I recently watched Apple’s “Introducing the New System Fonts”, which is a recording of a presentation at WWDC 2015 that introduced the San Francisco fonts. While the talk was focused on the SF font specifically, it provided an overview of a number of good typographic principles and how they were applied during the design and development of the SF fonts.
Visual perception is largely about illusion.
When I first started designing on a computer, I did not grasp this. Want to make two different shapes of the same size? First open Photoshop. Then choose the square shape and punch in 24×24 pixels. Now choose the circle shape and punch in 24×24 pixels. Done.
But wait, why do those not look like they’re the same size, even though their pixel dimensions are identical? The square looks slightly bigger? Well, technically, it is bigger. Think about it: if they’re both the same pixel dimensions, the square has a larger area. The circle is just the square with more of its area trimmed off.
This is why, if you want the shapes to appear as though they are the same size, you have to make them different pixel sizes.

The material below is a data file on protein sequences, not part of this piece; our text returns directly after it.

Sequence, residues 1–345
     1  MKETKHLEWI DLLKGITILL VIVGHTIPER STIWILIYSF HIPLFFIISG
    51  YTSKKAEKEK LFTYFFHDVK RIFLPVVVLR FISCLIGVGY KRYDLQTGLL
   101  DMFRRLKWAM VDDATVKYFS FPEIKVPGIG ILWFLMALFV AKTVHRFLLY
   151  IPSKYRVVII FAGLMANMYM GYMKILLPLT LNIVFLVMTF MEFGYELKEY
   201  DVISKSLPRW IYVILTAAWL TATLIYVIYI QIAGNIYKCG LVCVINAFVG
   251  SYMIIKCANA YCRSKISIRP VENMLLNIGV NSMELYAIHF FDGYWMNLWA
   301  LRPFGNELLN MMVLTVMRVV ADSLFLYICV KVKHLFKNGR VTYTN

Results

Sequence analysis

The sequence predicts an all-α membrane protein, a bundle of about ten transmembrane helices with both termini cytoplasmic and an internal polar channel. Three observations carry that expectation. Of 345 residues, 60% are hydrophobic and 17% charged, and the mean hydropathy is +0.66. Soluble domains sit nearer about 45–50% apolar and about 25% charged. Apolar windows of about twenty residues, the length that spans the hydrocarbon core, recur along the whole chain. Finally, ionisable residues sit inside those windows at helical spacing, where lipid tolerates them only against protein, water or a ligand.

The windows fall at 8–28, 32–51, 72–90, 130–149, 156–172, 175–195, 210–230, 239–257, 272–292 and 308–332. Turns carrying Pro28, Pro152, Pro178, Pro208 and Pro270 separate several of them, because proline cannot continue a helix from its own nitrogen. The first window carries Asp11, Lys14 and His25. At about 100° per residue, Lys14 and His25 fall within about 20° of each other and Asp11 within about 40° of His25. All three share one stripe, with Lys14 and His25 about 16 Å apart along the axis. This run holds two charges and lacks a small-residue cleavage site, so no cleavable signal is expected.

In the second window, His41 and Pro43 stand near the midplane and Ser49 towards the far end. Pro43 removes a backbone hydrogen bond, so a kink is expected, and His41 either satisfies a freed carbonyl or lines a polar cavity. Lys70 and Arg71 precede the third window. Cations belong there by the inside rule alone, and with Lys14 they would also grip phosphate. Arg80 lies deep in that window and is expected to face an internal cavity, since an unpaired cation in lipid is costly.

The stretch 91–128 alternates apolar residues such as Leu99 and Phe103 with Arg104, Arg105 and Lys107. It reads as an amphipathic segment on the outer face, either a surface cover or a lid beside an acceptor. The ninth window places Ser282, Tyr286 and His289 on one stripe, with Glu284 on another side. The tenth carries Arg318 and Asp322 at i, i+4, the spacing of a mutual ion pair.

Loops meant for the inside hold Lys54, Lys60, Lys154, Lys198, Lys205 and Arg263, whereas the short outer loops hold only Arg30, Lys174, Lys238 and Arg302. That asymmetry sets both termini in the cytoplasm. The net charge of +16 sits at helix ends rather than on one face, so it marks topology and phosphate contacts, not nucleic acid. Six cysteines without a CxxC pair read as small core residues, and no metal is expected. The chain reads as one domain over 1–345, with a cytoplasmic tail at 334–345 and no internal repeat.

This is why when you look at something like an icon system design grid you’ll see the guides for the circle be larger than the square. You have to offset those changes in area in order for the objects to appear as though they are the same size. Visual similitude is not mathematical equality.
This is why the author says visual perception is about illusion. Things on screen might look the same, but the underlying dimensions, the math behind the items on screen, might be quite different. That’s why the presenter keeps stressing this point through the video:
to make shapes look similar, they often have to be made dissimilar.
He gives two more examples of this. First, he shows a couple slides where the text alignment on the slide appears centered when it’s not actually centered. His point is to show that text sits in a box and while that box can be mathematically aligned in the center of the screen, it won’t appear as such. You have to create the illusion that it’s centered visually by changing the spacing from being equal to unequal.
The presenter shows another example of this principle from the perspective of typography. He talks about how you have to use two different weights of a font to achieve visual similitude when the fonts are at different sizes. Again, the natural inclination might be: “I want two fonts at different sizes to look the same, so I’ll use the same weight.” But to make them appear as though they are the same, you have to actually use a lighter weight at the larger size and a heavier weight at the smaller size.
“SF Pro Display” and “SF Pro Text”
When I first installed the SF fonts on my computer and tried using them in Sketch, I noticed that there were a number of font variations belonging to the “SF Pro” family.